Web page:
Novice Interpreter (New York)
Thread poster: Jonathan Forte
Jonathan Forte
English to Spanish
Nov 4, 2005

Hello everybody,

My name is Jonathan Forte, and I just finished registering
at this site.

For the past year and a half, I have worked as a freelance
interpreter (English/Spanish), and I absolutely love it. I
am also enrolled in the court interpreting program at New
York University. At this time, I have one more class to
complete until I obtain my professional certificate.

As I am sure many of you know, it is not always easy to get
jobs. Presently, I am working for about nine different
agencies that are located in New York, and even so, there
are days when I do not get work.

My instructor at NYU suggested that I try to look for my
own clients, but this seems like a daunting task. Does
anybody have any tips or pointers about how I should go
about doing that?

I also just took the New York State certification exam in
September (the written part), so I am waiting for the
results. I also plan on taking the New Jersey state test in
the next few months.

Sometimes I just become a little discouraged because I am
still relatively new with this. I sometimes think that
maybe it might be better to look for an ordinary full-time
job until I pass a state or federal examination.

Do you think that freelance interpreters are able to
receive enough work that allows them to support
themselves?

THANK YOU SO MUCH for any advice! >>>>>>>>>>>>>


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John Walsh  Identity Verified
Italy
Local time: 08:50
Member (2004)
Italian to English
Have patience Nov 4, 2005

Jonathan Forte wrote:


Sometimes I just become a little discouraged because I am
still relatively new with this. I sometimes think that
maybe it might be better to look for an ordinary full-time
job until I pass a state or federal examination.


THANK YOU SO MUCH for any advice! >>>>>>>>>>>>>

In the beginning it's hard to survive because you don't have enough work. Then it becomes hard to survive because you have too much work.


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Carolyn Denoncourt  Identity Verified
United States
Local time: 02:50
Member (2004)
French to English
+ ...
You are in the best location. Nov 5, 2005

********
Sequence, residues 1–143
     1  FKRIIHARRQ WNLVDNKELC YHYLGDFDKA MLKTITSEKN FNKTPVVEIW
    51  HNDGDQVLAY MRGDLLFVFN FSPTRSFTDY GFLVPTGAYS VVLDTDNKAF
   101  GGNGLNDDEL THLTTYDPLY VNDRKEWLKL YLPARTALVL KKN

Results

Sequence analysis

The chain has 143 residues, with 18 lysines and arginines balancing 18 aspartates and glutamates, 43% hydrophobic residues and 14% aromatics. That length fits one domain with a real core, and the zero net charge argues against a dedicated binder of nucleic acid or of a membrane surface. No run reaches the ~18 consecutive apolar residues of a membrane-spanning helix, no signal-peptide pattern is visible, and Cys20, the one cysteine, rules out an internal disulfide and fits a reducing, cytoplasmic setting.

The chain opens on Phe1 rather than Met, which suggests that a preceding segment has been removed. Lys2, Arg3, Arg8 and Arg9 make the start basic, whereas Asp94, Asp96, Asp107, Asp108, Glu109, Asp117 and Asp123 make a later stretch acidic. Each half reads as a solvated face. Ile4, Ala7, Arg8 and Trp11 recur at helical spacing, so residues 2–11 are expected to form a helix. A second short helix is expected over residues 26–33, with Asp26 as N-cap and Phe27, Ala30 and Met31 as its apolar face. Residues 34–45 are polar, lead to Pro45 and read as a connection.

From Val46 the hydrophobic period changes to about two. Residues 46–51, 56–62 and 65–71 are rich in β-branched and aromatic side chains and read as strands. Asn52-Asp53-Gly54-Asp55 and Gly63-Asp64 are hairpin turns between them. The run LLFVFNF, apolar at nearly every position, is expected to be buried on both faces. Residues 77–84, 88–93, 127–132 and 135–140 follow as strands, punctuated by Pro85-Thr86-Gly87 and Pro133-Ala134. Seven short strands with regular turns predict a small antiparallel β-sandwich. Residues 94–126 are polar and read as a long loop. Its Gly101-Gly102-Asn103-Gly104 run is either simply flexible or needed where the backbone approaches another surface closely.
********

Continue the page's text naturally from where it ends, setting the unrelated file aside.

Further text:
As in interpreter looking for work in the United States, you can't find any better location that New York. You might also want to go the United Nations Secretariat building in Manhattan and start the application process (there will be testing). It is an interesting place to work, or you may ask them to refer you to agencies to whom they give sub-contracts. The "missions to the UN" of the various countries (similar to embassies) are also good places to inquire for freelance work or in-house work. Persevere. If you are good you will have more and more repeat business.

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Teresa Duran-Sanchez  Identity Verified
Spain
Local time: 08:50
German to Spanish
+ ...
Take it easy Nov 8, 2005

In the beginning it's hard to survive because you don't have enough work. Then it becomes hard to survive because you have too much work.


So true, John! We tend to complain for not getting enough and when we´ve got too much, we miss the old times when we had nothing to do but die of hunger and read, walk in the sunshine, and flirt with the sparrows (when there were no chaps around, I mean).

Jonathan: I guess NY is pretty expensive, that´s why you feel YOU NEED to work every day, but have a look at your purse and if you´ve got enough to eat, just relax and enjoy your free time. You´ll be busy enough in a couple of years´ time.

I had to work too much while I was living in London, now I´m back in my (wonderfully cheaper) home country and I have time to read the newspaper everyday (WOW!) and dive in the sea now and then, what else can I ask for?

Freelancing is marvellous, at least on the short scale. You can get up when you want, travel around when flights are cheap and there are no queues to get an ice-cream... If you get a "steady job", you´ll surely regret it, Jonathan.

Good luck

Cid


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Jonathan Forte
English to Spanish
TOPIC STARTER
ATA Nov 9, 2005

Hello all,

I just wanted to thank you all for the great advice. I am sorry--I did not mean to make it seem as if I am a chronic complainer.

I will keep at it and see what happens. The court interpreting program at NYU is a great one, and the constant practicing is building my self-confidence. My current teacher is one of the best instructors I have ever had.

It is true--once I do start receiving more jobs, I will probably regret the days when I used to have more free time.

Besides, now that I have had a taste of this lifestyle, it really would be difficult for me to do something else. The only full-time position that I can ever imagine accepting would be a position in the state or maybe even federal (if it came to be) court system.

I have a quick question. I know that the ATA certification exam is designed for translation, but do interpreters generally take this exam as well?

Thanks again!


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Zhijun JIANG  Identity Verified
Local time: 14:50
Member (2006)
English to Chinese
+ ...
Publicity and reputation helps you get clients Dec 17, 2005

As an insider in this field, I have some direct clients from China and all part of the world, including US. Your publicity will bring more clients to you, but whether you can make them your regular clients depends on your way of doing things and proficiency.

Take it easy. It's take time and efforts to be a qualified interpreter.


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